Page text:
Cowboy Bebop (Netflix)
Two episodes in, it’s clear that Cowboy Bebop has already identified one of its core strengths: the half-exasperated, half-affectionate bond that binds Spike Spiegel and Jet Black. TV has long thrived on mismatched partners, and no matter how crazy the action gets, Cowboy Bebop always finds a way to foreground the prickly chemistry between the Bebop’s two-person crew. As someone notes late in this episode, Spike and Jet come off less like “good cop” and “bad cop” than “dick cop” and “asshole cop” — though since they’re not cops, that probably just makes them dick and asshole. (You can decide which is which.)
It’s always going to be fun to watch John Cho and Mustafa Shakir bounce off each other, but it certainly doesn’t hurt when their bounty of the week also happens to be interesting. This time, Spike and Jet spend much of the episode tracking a bomber on Venus who hides his explosives in teddy bears and eventually shows up in the flesh wearing a teddy bear head and a pair of tighty-whities.
It’s a weird, fun caper plot, and it handily brings the latent tension in Spike and Jet’s relationship to the forefront. Spike won’t tell Jet about his own criminal past because he thinks the ex-cop wouldn’t trust him anymore, and Jet doesn’t trust Spike because he can tell his partner is concealing something. (And honestly: If Jet doesn’t suspect Spike has a criminal past, he can’t have been much of a cop. How does he think Spike got so good at punching and shooting people?)
They eventually track the mad bomber to his spaceship, and the tension between the Spike and Jet is resolved, both symbolically and literally, when Jet sets off a pressure-activated switch connected to an explosive. When Spike pushes Jet off the switch and takes the risk himself, it’s clear that whatever his flaws, he’ll ultimately risk even his own life to ensure his partner’s safety. And when Jet tells Spike he’ll come back to save him, it’s clear that whatever misgivings Jet is harboring have been tabled — at least for now.
But as fun as the main plot is, it’s Spike’s extended, personal detour in the middle of the mission that provides the real jumping-off point for the rest of the season. Pretending he’s going on a noodle run, Spike slips off to a cabaret operated by an old ally named Ana.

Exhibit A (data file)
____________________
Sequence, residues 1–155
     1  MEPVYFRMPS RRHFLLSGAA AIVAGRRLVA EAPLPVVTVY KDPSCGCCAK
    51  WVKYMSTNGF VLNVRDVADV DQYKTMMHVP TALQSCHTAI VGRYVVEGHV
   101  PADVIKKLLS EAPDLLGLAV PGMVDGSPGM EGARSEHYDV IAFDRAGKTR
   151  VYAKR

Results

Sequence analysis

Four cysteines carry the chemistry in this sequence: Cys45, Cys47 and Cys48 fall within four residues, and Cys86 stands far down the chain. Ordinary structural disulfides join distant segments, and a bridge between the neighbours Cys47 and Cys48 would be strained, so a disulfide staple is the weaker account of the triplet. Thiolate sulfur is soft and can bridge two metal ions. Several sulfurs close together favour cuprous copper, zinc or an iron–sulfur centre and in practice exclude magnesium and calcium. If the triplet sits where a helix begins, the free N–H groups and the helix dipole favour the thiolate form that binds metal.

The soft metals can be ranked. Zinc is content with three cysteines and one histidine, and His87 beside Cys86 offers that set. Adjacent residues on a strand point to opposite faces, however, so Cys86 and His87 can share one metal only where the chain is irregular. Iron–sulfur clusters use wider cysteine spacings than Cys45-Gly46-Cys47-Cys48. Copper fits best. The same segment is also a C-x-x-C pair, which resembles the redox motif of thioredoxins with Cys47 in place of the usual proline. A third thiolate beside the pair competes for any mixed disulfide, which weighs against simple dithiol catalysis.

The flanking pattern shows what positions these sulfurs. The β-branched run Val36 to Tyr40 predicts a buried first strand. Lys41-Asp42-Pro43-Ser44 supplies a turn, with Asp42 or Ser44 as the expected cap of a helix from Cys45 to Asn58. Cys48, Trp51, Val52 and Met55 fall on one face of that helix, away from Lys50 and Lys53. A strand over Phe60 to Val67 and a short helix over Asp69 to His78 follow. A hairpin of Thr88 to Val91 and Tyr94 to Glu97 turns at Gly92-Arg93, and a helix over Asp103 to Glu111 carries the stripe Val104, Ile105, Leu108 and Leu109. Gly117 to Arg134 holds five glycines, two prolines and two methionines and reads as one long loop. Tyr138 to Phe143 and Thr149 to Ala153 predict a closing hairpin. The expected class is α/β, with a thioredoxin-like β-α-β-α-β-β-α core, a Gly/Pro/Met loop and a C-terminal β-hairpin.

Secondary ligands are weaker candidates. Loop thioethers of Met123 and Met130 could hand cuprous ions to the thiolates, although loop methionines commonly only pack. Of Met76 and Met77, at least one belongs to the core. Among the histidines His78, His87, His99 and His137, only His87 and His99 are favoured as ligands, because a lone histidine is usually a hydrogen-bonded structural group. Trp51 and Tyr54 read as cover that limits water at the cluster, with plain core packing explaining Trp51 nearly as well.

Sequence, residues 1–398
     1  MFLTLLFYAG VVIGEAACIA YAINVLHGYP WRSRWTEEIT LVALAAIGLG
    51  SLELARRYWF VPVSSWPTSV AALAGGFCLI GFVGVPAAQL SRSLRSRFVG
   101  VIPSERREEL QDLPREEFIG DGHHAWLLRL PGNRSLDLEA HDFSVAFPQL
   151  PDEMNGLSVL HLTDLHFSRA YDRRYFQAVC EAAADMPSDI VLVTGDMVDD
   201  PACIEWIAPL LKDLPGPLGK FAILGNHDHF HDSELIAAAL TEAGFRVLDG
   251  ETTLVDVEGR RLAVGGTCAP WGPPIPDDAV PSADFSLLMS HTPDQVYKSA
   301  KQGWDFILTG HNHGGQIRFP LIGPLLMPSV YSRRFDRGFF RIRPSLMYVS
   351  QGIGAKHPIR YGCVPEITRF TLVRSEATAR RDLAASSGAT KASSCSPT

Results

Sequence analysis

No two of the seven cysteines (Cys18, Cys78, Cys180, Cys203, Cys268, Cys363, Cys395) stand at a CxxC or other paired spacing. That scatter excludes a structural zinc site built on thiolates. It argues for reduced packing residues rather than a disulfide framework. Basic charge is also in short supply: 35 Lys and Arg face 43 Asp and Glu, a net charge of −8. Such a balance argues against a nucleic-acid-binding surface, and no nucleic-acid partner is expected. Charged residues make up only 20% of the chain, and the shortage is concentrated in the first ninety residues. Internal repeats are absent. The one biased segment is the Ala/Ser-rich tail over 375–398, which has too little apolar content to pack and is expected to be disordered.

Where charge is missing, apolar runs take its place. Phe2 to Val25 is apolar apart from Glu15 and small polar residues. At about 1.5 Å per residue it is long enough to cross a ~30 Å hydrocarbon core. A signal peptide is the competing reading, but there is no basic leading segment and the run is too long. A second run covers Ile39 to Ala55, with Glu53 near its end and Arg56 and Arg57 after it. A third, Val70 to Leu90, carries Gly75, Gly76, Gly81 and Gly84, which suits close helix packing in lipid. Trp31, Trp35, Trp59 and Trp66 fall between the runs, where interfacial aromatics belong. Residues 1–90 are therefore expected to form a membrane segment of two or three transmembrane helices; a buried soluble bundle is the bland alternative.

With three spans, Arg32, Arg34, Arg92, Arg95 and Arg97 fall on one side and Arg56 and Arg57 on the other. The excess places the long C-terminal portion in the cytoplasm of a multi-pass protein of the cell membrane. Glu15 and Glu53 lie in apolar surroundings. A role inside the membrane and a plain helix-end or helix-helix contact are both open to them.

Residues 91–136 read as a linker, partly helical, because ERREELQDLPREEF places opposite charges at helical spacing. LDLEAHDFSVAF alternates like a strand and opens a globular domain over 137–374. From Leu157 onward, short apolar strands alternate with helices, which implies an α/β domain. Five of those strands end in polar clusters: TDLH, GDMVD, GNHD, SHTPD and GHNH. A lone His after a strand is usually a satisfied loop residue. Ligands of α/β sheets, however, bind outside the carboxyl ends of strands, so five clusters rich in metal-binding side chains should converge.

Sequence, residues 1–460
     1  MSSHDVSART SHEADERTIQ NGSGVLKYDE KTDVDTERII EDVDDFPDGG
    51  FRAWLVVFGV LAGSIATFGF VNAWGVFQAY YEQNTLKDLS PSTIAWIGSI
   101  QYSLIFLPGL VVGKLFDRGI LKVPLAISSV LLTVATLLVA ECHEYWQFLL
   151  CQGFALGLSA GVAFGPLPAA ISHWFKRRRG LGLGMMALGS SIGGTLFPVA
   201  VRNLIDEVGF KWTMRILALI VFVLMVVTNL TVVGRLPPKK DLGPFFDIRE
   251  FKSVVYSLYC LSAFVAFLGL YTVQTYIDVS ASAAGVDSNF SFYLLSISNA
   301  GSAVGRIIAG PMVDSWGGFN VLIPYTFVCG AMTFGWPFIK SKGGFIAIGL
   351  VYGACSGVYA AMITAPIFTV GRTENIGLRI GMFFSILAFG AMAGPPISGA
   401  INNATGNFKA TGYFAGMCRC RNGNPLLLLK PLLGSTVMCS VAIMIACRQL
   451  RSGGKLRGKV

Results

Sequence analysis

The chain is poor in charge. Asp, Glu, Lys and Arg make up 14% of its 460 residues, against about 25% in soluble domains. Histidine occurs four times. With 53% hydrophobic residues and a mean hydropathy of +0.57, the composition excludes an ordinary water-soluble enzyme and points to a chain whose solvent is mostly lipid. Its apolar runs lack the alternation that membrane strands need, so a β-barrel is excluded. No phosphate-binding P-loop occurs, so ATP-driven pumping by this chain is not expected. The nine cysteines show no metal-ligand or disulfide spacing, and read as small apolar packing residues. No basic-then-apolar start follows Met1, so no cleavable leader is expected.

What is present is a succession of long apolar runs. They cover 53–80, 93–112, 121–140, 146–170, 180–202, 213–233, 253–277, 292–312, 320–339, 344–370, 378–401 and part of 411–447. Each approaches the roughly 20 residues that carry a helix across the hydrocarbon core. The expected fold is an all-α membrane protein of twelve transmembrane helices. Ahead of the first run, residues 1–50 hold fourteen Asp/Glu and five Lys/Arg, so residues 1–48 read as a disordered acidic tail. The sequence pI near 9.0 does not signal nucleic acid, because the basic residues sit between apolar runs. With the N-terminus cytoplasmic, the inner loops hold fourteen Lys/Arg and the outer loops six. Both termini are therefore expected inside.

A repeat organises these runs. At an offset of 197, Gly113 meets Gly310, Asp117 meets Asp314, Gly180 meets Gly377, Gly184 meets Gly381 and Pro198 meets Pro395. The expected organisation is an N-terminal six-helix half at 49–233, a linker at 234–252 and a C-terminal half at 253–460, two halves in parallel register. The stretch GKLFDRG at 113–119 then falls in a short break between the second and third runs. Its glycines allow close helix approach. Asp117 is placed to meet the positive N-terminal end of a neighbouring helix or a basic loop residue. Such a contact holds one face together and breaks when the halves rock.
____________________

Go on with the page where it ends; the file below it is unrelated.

After (understandably!) berating Spike for letting her believe he’s been dead for three years, Ana asks him why he’s chosen this moment to show up at her door again. The answer, of course, is information. And unfortunately for Spike, Ana only has bad news to share. Julia, the blonde woman we’ve been glimpsing in all those rose-heavy flashbacks, is now married to a creep who calls himself Vicious. And given that Spike used to go by the extremely similar pseudonym “Fearless,” it’s a safe bet that these two have more in common than Julia.
Vicious, whose tastes lean toward long katanas, too much whiskey, and being an abusive psychopath, is still working for the Syndicate. How bad are these bad guys, anyway? We get a taste when the Syndicate’s three leaders, wearing weird Eyes Wide Shut-style masks and speaking in booming voices, call on Vicious and Julia via hologram. They’ve discovered Vicious is dealing Red Eye on the side. His punishment, they say, is that he must shoot Julia in the head.
He does. And in an incredibly unsurprising twist, the gun turns out to be empty. The actual test was proving that he’s willing to do anything the Syndicate says, and he passed. And while Vicious claims he knew the gun wasn’t loaded all along, Julia — who Ana literally just told Spike is happily married to this guy — clearly recognizes that all the physical and psychological abuse is a pretty big red flag. The real question is whether she’ll be able to get away from Vicious. As Spike could tell her, the Syndicate doesn’t go easy on runaways.
• No Faye in this one, but I have to imagine she’ll cross paths with the Bebop again soon.
• Surprised and delighted that Big Shot for the Bounty Hunters — a deeply bizarre show-within-a-show, in which two hosts named Punch and Judy banter about possible targets for cowboys to track down — survived the leap from the animated series to the live-action one.
• Let’s go ahead and settle Spike and Jet’s argument: Assuming you’re just a regular guest, is the ceremony or the reception the important part of the wedding?
• It’s a nice, subtle touch from John Cho that Spike clearly doesn’t want to touch his earpiece while he’s standing at the urinal.
• The Teddy Bear Bomber is almost certainly based on Ted Kaczynski, a.k.a. the Unabomber, who left a similar manifesto behind. (There’s also the name.)
• In a very John Wick flourish, Ana’s bar is a place where both cops and criminals are required to leave their hostilities at the door.
• Cabaret host Gren mentions that the Markmans had been vying for a good table at Ana’s bar — presumably an insider reference to Naomi Markman, the show’s script coordinator.
• Kudo, Spike’s liquor of choice, is probably a nod to the actor Yūsaku Matsuda, who played a character named Shunsaku Kudō on a TV series called Detective Story, which has been acknowledged as the primary influence on Spike’s character design.
• The elders who confront Vicious are named after Shakespeare’s The Tempest: Caliban, Miranda, and Prospero.
• And the computer on the Bebop is called Marvin, which is … a Marvin the Martian reference? Your guess is as good as mine.
• “When you cook an egg, do you need to give credit to the frying pan?”
More From This Series
- What to Watch After Binging Cowboy Bebop
- Alex Hassell on the Immense Discomfort of Re-creating Cowboy Bebop’s Iconic Duel
- Cowboy Bebop Recap: See You Space Cowboy